Shot near the drilling in the Wall despite no clashes

Several Aida camp residents interviewed by the Palestine Monitor said that on January 15, the day the hole was discovered by Israeli soldiers, the camp was occupied by Israeli forces from 8 am until 8 pm and the hole was covered over with a metal plate. 

Mohammad al Azzeh, the Photography Department Coordinator for the Laje'oon Center, said that the following day, Israeli soldiers stationed themselves in the watchtower and shot at anyone who stopped near the sealed-off hole. Al Azzeh said the soldiers shot at him with rubber bullets when he went to take pictures of the hole.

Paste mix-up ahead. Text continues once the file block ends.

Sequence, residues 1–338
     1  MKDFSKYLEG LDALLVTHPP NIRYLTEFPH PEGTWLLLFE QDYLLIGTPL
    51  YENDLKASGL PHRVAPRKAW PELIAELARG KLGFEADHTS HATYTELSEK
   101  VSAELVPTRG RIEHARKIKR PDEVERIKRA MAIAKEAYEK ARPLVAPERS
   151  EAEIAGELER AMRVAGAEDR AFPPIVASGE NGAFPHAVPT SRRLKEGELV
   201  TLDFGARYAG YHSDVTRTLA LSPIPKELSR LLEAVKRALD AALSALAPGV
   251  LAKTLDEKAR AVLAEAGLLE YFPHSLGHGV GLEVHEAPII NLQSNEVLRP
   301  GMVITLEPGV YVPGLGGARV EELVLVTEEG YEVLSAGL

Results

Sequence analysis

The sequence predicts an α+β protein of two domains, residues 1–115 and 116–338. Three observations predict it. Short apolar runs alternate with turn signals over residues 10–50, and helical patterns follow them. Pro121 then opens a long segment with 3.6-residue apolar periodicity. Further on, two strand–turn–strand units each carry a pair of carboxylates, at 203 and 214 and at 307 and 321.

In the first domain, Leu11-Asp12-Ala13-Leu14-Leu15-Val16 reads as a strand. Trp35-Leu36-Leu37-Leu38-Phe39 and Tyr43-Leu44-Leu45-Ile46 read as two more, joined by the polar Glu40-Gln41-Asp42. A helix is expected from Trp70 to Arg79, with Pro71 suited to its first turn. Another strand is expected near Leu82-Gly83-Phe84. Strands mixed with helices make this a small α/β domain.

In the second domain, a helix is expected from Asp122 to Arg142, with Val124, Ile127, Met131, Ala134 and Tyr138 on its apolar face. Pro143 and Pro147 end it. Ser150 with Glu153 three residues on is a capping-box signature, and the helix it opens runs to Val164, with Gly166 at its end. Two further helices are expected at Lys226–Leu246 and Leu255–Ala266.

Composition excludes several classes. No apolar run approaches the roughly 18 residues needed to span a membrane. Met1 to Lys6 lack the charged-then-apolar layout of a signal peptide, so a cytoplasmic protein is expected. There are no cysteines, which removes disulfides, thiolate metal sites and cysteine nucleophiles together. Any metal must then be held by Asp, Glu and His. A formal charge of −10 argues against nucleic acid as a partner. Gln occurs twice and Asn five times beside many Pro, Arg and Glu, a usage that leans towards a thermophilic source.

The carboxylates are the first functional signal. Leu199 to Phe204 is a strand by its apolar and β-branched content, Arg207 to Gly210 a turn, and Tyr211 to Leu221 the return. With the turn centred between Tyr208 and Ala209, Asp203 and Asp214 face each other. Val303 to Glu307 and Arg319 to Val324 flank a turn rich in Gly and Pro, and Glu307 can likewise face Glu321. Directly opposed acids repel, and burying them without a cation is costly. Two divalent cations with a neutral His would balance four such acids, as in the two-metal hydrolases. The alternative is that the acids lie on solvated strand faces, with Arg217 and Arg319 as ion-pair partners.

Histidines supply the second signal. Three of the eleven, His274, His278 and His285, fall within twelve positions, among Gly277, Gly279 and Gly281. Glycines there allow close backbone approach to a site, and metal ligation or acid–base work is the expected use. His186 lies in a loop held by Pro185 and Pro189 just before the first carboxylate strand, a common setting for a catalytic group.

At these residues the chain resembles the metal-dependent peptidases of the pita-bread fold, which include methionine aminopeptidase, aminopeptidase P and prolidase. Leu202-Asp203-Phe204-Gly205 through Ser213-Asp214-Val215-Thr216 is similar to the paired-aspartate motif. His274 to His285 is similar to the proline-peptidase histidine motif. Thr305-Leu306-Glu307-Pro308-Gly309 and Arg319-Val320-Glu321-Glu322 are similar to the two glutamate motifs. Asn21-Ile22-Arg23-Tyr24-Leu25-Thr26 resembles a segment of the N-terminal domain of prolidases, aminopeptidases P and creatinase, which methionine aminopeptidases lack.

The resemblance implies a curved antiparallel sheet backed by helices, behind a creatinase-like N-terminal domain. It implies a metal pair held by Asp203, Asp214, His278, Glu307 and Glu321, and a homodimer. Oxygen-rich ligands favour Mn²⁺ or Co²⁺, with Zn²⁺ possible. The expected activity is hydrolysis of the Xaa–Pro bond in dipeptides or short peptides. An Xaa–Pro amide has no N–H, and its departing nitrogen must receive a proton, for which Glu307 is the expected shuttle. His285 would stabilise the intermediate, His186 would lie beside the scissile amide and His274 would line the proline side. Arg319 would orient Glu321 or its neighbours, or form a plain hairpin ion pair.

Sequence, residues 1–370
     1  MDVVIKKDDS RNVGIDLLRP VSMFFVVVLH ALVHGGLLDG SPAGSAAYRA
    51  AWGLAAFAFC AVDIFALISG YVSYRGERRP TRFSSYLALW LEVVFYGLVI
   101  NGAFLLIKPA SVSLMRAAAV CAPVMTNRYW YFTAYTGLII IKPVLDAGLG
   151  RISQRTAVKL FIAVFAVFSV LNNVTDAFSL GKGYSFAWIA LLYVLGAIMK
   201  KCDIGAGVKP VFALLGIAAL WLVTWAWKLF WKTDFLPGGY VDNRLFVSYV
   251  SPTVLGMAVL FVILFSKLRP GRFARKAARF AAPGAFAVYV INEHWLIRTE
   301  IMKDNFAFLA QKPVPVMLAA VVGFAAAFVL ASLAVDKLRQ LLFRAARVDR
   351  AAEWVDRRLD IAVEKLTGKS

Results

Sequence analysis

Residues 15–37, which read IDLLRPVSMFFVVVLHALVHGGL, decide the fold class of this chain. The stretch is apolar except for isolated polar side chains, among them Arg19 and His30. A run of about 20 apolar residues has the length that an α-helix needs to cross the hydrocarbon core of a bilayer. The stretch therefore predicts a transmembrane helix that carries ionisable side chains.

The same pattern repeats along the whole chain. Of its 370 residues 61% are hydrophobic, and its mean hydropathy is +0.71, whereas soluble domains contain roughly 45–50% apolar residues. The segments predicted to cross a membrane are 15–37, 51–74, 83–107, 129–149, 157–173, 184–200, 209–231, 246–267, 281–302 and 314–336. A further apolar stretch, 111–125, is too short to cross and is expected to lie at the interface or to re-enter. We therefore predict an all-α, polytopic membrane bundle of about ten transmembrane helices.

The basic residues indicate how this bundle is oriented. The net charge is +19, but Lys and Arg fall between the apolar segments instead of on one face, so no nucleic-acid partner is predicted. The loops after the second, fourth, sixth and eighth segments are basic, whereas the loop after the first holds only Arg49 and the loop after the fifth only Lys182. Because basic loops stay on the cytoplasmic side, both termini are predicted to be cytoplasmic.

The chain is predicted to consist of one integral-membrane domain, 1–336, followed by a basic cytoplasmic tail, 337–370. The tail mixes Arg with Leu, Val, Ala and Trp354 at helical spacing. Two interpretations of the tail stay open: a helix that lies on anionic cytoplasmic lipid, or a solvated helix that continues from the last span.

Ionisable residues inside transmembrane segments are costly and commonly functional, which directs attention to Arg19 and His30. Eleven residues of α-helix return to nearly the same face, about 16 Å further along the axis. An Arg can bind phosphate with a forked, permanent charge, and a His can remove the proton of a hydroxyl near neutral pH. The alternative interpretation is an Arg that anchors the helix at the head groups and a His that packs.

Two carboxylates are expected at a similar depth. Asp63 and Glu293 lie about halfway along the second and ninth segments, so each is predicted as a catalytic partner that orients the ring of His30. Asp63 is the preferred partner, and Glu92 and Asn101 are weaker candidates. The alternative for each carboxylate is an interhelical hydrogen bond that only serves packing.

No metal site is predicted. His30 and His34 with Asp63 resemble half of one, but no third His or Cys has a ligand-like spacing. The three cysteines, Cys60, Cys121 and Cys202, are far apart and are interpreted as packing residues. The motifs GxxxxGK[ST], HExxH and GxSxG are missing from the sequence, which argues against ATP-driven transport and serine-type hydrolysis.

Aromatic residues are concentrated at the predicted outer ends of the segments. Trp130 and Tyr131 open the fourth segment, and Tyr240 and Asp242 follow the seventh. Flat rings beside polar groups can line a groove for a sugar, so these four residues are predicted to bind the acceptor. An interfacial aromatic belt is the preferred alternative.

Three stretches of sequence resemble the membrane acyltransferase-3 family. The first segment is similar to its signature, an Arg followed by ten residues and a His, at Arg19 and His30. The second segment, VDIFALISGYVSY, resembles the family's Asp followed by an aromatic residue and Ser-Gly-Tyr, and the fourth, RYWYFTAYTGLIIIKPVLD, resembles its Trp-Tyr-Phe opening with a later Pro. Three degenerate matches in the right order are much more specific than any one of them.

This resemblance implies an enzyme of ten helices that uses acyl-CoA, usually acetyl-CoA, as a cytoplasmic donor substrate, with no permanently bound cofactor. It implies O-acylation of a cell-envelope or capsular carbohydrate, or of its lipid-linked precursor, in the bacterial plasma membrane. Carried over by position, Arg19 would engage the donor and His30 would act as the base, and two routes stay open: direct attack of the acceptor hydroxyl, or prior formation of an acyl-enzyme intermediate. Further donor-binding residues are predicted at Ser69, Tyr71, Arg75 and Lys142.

Two days later, on January 18, the situation in Aida was still tense, although there had been no more clashes between camp residents and occupation forces. The residents of Aida camp were unsure if Israeli soldiers stationed in the watchtower would allow them to use the road adjacent to the Wall. 

It was in this context that Saleh Elamareen was killed. Al Azzeh, a friend of the Elamareen family, said the youth was on his way to a print shop when he was shot with no warning. Contrary to some media reports at the time, there were no clashes in Aida camp at the time of the shooting. Security-camera footage of Elamareen's death, provided to the Palestine Monitor by the Laje'oon Center, confirms that there was no demonstration or riot happening at the time of Elamareen's death.